THE JEWISH COVENANT
The story is told of a king who would go out into the countryside and visit his subjects one month out of the year. At that time, he was accessible to everyone and showered all who came to him with kindness. At the close of the month his subjects would accompany him as he returned to the palace.
The story is told of a king who would go out into the countryside and visit his subjects one month out of the year. At that time, he was accessible to everyone and showered all who came to him with kindness. At the close of the month his subjects would accompany him as he returned to the palace. The Baal Hatanya, the author of the great Chassidic text known as the Tanya, explained that this parable refers to Hashem and the nearness of His presence during the Hebrew month of Elul, the month before Rosh Hashanah. It is a time when Hashem is "near to all who call out to Him." With the advent of Rosh Hashanah, however, Hashem returns to His palace where we affirm the majesty of His kingship.
Within the month of Elul itself it is this Shabbat, the one preceding Rosh Hashanah, that has a special status. Normally, on the Shabbat before each new lunar month, a prayer is recited welcoming the new moon (known as Birkat Hachodesh), but on the Shabbat before Rosh Hashanah (the first day of the Hebrew month of Tishrei) no such prayer is recited. The Baal Shem Tov, the founder of the Chassidic movement, explains that this is because on this Shabbat it is Hashem Himself who blesses the new month and provides the blessings for the entire incoming year.
At the start of the Torah portion, Moses, who is soon to die, gathers the entire nation together. He has every man, woman, and child reaffirm their commitment to the covenant with G-d. It is in fact this covenant, not the one that was made at Mt. Sinai and later broken, that forms the basis for the Jewish people's eternal bond with Hashem. However, the covenant is not with G-d alone, for they also enter into a covenant of responsibility for one another. It is only when all Jews are sincerely concerned about one another's welfare, that G-d's teachings can be properly fulfilled.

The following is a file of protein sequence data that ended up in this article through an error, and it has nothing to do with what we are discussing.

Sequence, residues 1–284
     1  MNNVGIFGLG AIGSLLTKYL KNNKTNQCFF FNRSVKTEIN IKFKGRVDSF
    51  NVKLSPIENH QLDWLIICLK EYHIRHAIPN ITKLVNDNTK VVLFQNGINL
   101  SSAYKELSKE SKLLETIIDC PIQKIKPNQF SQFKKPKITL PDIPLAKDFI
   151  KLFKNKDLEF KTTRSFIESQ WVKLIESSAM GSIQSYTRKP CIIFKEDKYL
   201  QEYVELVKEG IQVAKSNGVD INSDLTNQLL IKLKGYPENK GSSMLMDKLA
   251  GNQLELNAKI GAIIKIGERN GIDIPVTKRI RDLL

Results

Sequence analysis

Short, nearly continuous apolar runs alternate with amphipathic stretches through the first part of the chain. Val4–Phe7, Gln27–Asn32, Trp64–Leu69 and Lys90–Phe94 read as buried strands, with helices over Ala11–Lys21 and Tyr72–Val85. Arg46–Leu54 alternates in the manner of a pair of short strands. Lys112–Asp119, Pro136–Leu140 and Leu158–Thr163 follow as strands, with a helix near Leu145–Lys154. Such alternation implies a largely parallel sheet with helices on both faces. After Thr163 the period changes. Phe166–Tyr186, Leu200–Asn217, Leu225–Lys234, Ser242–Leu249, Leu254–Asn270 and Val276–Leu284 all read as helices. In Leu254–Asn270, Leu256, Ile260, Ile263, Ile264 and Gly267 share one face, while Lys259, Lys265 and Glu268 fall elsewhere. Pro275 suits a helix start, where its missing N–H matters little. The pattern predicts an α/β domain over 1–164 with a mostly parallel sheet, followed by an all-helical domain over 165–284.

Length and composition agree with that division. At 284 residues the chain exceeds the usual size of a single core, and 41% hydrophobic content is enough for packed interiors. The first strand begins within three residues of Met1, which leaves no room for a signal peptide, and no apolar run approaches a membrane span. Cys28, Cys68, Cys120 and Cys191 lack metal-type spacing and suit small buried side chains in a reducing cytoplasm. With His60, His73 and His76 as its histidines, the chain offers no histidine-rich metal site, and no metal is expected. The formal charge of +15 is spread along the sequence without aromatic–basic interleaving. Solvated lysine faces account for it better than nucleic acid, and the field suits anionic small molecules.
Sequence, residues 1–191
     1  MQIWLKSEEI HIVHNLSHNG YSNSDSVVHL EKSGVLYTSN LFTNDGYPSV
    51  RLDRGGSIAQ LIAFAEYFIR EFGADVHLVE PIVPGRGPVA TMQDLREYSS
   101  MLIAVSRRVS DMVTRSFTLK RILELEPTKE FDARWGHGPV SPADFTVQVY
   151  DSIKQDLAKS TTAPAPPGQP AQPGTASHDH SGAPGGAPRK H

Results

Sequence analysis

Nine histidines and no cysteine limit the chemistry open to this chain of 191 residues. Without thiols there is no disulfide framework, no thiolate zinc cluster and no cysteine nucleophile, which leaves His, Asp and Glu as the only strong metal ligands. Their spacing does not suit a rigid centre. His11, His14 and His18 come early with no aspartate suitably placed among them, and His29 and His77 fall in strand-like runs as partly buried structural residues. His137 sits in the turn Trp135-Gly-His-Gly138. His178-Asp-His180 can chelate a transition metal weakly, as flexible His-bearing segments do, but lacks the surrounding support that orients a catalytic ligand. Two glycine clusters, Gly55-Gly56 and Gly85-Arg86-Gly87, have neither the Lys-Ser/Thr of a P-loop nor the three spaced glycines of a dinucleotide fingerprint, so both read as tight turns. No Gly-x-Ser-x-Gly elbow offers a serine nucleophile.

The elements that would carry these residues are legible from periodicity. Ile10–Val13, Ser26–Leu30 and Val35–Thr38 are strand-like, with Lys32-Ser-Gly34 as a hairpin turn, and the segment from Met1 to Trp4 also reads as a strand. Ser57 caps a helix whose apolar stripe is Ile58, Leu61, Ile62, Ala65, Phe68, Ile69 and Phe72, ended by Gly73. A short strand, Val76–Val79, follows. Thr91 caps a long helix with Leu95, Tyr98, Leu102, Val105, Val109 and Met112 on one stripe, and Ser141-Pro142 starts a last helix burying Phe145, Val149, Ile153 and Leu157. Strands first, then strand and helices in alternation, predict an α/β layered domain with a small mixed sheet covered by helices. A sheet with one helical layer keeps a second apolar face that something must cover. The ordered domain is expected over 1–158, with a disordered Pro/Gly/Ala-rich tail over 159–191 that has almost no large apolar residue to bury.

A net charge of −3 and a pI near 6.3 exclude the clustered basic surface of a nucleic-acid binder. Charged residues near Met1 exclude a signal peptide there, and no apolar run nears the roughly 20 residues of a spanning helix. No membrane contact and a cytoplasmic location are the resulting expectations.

This idea is not one to be relegated to history. It remains as alive today as it was some three thousand years ago. In fact, the Baal Hatanya explains that the gathering of all of Israel together mentioned at the start of this week's Torah portion, also alludes to the Jewish people's gathering together every year on Rosh Hashanah. Just as three thousand years ago we affirmed our loyalty to Hashem, so too in our day, on Rosh Hashanah we reaffirm Hashem as our King. Just as we took responsibility for one another in Moses' time, so too it is on the High Holidays in our times that we ask forgiveness from one another and heighten our concern for one another's welfare. Perhaps most importantly, as the opening verse of the Torah portion states, "You are all standing together before the Lord your G-d," all of us, the prominent and the unimportant, the talented and the less gifted all stand equally before Hashem; for we all have ultimately been given the same assignment. This assignment is of course to fulfill the will of Hashem and represent Him in this world in an appropriate manner as we serve as a light onto the nations.
Josh Hartman, an alumnus of Yeshiva Atlanta, writes from New York.
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